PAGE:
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Investors Focused on ‘Old Japan’, Missing Out on ‘New Japan’: Pro

One of the original investors in Japan’s second-largest social media company, Gree, says investors are too focused on ‘old Japan’ – the Toshibas, Sonys, Toyotas – that made Japan what it is today.

Woman talking on a phone working on a laptop.
Geri Lavrov | Photographer's Choice | Getty Images
Woman talking on a phone working on a laptop.

Instead, he believes, they need to focus much more on the country’s fast growing sectors such as the Internet in order to get bigger returns. “Old Japan is slow, bureaucratic and at the same time is not able to adapt to changes. New Japan is entrepreneurial, more global, nimble and at the same time more digitalized,” Yoshito Hori, Managing Partner at Globis Capital Partners, told CNBC.

Hori, who oversees about $400 million in venture capital funds, saw 100 times return on his investment in Gree when it listed in 2008. Gree now has about 25 million users, a market cap of $7.5 billion, and its founder is among Asia’s youngest billionaires.

“In the case of social media and the Internet, growth has unlimited potential. Growth margin is close to 100 percent, fixed cost is low and investment is low and you don’t need much R&D,” Hori said.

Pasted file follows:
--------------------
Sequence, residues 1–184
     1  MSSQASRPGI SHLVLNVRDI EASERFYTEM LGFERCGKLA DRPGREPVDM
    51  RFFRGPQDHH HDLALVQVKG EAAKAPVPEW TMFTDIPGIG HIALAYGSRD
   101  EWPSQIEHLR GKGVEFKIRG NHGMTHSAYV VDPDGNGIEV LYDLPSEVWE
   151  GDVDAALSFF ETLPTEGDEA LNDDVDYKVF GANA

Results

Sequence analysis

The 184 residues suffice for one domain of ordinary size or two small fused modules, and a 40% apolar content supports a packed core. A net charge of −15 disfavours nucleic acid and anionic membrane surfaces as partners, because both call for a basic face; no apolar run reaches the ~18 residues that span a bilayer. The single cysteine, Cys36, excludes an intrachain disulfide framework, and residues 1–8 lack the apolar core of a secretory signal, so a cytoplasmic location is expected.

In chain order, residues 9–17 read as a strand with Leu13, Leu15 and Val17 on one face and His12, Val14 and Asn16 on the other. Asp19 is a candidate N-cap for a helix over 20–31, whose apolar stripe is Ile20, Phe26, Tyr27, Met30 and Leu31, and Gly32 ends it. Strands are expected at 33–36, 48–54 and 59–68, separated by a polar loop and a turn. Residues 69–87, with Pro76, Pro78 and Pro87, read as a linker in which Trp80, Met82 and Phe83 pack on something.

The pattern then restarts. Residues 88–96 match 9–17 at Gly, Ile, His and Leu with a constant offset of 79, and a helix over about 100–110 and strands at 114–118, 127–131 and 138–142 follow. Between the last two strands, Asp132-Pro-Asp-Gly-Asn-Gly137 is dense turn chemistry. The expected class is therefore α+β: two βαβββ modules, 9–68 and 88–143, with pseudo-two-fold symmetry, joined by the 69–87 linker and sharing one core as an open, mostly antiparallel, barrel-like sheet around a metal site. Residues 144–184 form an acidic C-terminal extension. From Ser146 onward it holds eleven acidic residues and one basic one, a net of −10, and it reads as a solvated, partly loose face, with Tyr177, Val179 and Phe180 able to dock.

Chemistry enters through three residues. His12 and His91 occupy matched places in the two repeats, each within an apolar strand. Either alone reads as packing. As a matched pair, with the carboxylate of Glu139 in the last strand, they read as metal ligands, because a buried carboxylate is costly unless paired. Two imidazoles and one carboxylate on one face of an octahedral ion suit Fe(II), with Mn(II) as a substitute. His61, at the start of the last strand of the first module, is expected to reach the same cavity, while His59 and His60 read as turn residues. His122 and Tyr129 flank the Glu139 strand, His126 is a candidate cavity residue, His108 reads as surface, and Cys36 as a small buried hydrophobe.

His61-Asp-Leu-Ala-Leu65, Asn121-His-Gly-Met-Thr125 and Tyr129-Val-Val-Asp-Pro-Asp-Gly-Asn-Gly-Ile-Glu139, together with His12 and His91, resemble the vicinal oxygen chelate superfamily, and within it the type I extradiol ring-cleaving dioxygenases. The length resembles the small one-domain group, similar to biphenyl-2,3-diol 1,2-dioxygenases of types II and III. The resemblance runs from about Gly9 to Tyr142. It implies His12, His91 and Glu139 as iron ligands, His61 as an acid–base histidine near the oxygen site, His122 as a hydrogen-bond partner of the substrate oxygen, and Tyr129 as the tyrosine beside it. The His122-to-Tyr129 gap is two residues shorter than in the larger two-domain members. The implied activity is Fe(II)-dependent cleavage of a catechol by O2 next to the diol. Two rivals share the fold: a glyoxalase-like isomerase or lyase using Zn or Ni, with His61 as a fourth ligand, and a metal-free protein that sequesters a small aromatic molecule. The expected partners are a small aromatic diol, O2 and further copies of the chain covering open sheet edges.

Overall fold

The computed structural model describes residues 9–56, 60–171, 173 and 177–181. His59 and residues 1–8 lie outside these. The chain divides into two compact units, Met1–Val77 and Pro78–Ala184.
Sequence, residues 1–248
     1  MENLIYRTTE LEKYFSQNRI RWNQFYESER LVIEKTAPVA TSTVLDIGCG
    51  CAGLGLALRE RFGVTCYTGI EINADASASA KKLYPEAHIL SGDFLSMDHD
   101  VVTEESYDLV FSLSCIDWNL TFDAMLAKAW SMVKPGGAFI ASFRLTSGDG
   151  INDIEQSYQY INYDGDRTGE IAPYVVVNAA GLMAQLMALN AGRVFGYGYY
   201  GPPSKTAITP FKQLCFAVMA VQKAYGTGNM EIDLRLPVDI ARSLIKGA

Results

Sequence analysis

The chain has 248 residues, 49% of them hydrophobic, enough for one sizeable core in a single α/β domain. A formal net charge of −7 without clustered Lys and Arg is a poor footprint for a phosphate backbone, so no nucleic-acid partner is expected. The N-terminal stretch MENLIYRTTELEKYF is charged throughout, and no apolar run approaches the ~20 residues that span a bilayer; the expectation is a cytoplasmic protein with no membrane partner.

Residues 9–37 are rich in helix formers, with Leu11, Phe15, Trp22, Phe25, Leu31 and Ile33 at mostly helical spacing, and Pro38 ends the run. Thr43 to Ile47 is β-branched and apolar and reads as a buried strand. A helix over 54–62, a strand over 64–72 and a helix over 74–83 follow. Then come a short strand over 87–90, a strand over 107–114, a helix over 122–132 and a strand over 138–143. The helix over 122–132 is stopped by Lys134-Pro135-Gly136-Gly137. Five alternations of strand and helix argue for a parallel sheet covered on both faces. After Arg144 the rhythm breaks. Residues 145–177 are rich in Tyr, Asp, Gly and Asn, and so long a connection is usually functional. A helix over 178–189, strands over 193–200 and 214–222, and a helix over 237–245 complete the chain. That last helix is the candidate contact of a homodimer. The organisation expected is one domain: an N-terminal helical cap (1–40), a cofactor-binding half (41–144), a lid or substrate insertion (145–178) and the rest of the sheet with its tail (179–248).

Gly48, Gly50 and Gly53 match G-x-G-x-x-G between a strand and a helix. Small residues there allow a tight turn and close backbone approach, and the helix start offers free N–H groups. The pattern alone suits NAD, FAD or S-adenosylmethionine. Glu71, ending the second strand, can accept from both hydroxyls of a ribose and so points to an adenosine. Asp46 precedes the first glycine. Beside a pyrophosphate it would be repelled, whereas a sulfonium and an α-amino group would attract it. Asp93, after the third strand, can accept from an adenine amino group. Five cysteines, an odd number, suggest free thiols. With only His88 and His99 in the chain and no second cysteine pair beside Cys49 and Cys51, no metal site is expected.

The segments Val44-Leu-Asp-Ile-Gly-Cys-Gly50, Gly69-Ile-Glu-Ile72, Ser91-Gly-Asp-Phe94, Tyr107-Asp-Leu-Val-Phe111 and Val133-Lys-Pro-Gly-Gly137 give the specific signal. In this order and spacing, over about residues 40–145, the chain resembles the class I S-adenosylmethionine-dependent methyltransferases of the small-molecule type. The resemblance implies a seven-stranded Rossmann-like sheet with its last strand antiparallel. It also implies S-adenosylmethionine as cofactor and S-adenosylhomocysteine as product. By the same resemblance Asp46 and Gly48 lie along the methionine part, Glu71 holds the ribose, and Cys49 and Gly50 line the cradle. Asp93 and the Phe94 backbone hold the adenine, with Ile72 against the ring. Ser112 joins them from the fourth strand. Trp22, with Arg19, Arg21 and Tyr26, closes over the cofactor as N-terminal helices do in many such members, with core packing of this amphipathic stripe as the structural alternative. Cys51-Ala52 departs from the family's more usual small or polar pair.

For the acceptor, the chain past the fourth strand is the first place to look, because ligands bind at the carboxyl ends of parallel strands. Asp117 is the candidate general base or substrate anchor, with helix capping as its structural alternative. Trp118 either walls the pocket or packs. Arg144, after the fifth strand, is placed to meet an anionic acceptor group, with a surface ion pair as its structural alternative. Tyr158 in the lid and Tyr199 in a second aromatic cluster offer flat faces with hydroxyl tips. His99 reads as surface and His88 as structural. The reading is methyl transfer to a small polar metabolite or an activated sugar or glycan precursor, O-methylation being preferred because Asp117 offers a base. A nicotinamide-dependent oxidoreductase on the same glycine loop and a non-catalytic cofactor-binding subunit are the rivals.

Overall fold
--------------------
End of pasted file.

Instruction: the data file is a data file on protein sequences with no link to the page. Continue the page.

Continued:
Another mistake investors make, according to Hori is that they focus too much on Japan’s GDP growth and consumer prices. “We have had 20 years of stagnant economy – stagnant doesn’t mean no growth.” He explains that during the past 20 years some sectors have been growing very fast while others have been declining.

He said Japan still has plenty of advantages as the world’s third-largest economy, such as a high per-capita income.

Hori’s next bet is on an insurance company called Lifenet, which is reported to be considering an IPO in early 2012. “Lifenet has no sales forces, they sell online and have a low fixed cost....they can come up with low priced products....and it has a high potential for big profit margins,” Hori said. His firm has invested about $10 million in Lifenet for a 5 to 10 percent stake.